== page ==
Peel and shear values were determined by placing samples in a programmed oven with 100 g weights used for the peel mode and 500 g weights used for the shear mode, and ramping the temperature up from 25° C. to 100° C. at 25° C./hour. The oven automatically recorded the temperature at which the samples failed. Each sample was coated onto kraft paper by hand using glass rods or shims. The resultant coating is a one inch wide band that is about 8-10 mils or about 0.008 to about 0.010 inches thick. Four to five bonds were made for the peel mode and four to five bonds were made for the shear mode and the results were averaged.
3. BONDING TESTS
Adhesive bonds were made on various substrates using an application temperature of about 150° C., an open time of 1 second, a set time of 1 second, and a bead size of 1/16 inch (0.16 cm) for the chipboard type substrates and 1/8 inch (0.32 cm) for the corrugated substrates. The resulting bonds were then conditioned for at least 24 hours at the different test temperatures, and then separated by hand and the amount of fiber tear was determined. A minimum of three samples were tested for each adhesive at each of the different temperatures and the adhesives were then rated using a system of poor, good or excellent. Poor bonds were those where a small amount or no fiber tear was observed, good bonds showed roughly half or more fiber tear and excellent bonds showed a substantial amount of fiber tear or close to full fiber tear.
The adhesive samples were prepared by first making a preblend of a 1:1 block copolymer to tackifier mixture using a high shear sigma blade mixer manufactured by Littleford Day located in Florence, Ky. The remaining tackifying resin, plasticizer, wax, and any other ingredient except the compatible polymer, are melted in an oven at temperatures of between about 150° C. and 175° C. The preblend and compatible polymer are then slowly added and mixed with the melted ingredients using an upright or lightening mixer such as the Stirrer Type RZRI manufactured by Caframo in Wiarton, Ontario, Canada. The sample is kept at temperatures of between about 150° C. and 175° C. using a heating mantle such as those manufactured by Glas-Col in Terre Haute, Ind. The antioxidant may be added during the melting phase, the mixing phase, or some during both phases.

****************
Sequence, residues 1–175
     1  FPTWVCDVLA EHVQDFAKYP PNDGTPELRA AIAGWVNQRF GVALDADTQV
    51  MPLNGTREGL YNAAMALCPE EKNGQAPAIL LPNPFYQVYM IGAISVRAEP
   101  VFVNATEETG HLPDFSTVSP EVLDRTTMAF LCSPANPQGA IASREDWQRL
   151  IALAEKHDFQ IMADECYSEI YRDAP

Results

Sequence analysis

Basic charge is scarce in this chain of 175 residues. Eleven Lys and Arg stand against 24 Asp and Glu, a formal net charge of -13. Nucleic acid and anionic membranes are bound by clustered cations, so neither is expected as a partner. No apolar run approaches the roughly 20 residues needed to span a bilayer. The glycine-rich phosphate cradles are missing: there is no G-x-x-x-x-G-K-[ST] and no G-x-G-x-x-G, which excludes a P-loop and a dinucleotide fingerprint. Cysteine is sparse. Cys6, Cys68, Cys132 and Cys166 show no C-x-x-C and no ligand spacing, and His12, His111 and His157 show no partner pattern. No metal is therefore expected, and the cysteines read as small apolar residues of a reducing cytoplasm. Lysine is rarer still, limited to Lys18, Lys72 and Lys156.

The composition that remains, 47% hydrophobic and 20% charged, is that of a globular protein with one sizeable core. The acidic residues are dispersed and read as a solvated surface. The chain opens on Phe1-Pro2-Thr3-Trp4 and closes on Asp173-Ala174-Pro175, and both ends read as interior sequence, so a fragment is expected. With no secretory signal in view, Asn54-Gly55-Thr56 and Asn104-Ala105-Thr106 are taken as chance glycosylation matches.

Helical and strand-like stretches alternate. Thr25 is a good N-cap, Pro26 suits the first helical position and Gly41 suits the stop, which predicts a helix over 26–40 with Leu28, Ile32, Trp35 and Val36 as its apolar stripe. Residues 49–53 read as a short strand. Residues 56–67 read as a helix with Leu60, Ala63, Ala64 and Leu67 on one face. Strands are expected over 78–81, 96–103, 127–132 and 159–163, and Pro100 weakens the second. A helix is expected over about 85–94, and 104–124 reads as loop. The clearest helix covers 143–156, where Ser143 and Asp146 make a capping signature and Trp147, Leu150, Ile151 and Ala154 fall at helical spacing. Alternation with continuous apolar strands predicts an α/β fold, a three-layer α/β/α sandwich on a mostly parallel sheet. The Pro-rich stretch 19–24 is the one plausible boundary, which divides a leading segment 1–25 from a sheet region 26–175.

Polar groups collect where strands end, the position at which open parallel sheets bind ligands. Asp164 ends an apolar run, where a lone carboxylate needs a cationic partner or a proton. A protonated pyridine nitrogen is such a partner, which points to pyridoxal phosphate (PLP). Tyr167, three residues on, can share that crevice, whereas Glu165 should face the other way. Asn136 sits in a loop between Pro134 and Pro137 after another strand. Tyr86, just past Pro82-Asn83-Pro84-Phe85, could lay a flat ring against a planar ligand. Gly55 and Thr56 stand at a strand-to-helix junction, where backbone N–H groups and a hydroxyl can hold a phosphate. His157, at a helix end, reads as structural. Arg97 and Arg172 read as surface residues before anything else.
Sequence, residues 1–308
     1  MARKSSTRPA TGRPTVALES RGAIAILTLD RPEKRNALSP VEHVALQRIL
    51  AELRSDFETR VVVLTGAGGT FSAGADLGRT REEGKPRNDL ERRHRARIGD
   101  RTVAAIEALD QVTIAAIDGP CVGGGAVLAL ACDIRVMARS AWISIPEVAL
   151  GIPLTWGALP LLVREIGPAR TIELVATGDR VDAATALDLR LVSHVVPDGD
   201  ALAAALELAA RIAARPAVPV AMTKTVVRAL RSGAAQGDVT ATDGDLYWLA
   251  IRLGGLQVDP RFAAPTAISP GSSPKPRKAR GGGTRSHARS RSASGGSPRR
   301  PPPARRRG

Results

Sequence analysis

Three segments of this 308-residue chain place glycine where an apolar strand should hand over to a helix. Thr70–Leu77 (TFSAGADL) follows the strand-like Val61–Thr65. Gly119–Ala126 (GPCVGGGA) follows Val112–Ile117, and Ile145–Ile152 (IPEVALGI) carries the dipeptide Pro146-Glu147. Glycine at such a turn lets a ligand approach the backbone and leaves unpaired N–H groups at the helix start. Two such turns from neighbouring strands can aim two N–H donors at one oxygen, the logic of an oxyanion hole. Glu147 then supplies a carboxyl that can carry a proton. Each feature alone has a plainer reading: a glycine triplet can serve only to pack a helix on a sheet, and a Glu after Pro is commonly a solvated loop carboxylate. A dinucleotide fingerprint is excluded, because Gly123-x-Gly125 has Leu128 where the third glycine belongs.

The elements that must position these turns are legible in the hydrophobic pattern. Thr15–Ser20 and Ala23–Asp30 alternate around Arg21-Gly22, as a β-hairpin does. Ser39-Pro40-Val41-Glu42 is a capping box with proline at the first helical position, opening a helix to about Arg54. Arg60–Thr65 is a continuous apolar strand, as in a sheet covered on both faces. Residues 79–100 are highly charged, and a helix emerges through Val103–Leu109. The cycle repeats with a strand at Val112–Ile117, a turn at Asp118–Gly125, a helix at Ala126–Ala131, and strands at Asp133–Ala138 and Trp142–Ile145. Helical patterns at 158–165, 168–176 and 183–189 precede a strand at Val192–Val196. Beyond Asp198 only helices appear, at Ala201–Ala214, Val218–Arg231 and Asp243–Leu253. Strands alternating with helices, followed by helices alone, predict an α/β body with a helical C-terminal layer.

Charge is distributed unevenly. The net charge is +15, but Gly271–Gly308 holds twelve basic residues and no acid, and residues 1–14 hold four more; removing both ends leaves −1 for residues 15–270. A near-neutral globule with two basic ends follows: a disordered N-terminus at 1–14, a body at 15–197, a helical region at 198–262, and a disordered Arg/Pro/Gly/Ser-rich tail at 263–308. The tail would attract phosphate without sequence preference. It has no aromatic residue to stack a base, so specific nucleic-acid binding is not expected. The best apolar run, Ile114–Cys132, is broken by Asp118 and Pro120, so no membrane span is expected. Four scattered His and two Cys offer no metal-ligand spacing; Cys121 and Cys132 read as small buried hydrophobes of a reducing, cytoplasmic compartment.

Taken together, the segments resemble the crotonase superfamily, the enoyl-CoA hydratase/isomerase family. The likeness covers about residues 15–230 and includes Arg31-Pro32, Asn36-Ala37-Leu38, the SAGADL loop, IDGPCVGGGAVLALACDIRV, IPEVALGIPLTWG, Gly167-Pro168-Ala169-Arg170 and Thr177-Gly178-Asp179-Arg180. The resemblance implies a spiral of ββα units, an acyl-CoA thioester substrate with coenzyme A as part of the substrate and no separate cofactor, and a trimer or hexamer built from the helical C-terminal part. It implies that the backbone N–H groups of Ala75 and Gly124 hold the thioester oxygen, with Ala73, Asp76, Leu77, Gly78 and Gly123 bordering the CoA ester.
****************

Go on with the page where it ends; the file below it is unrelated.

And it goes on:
TABLE 1______________________________________Examples 1 2 3 4 5______________________________________DPX 552 15.0 15.0 15.3DPX 551 17.0 17.0Eastotac H-100R 36.0 35.0 -- -- --Eastotac H-130R 22.0 17.0 -- -- --Escorez 5600 -- -- 15.3 56.0 44.0Escorez 5400 -- -- 29.6 -- --500 Sec. Process Oil 10.0 11.0 11.2 10.0 12.0Paraffin Wax 155F -- -- 6.1 -- 5.0Microcrystalline Wax 15.0 20.0 16.4 15.0 16.0195FEnBA -- -- 4.1 -- 4.0Visc. @ about 150° C. 1470 1450 1160 1440 1100(cPs)100 g Peels (° C.) 67 64 62 53 53______________________________________
Table 1 illustrates the superior heat resistance as measured by the peel values and low viscosities obtained with Examples 1 through 5 of the present invention. To each of the above compositions was added 2 grams of a coextrusion coating, RM-6053, manufactured by the H. B. Fuller Co. located in St. Paul, Minn.
______________________________________ 6 7 8 9______________________________________DPX 552 16.0 16.0 14.0 --DPX 551 -- -- -- 14.0Escorez 5400 44.7 44.5 55.0 55.0Paraffin Wax 155F 6.0 6.0 -- --500 sec Process Oil 11.0 11.0 9.5 9.5Ethylene n-butyl Acrylate 4.0 -- 5.0 5.0(35-900)Kraton G1726 -- 4.0 -- --Microcrystalline Wax 195F 16.0 16.0 14.0 14.0RM-6053 2.0 2.0 2.0 2.0Irganox 1010 0.3 0.5 0.5 0.5______________________________________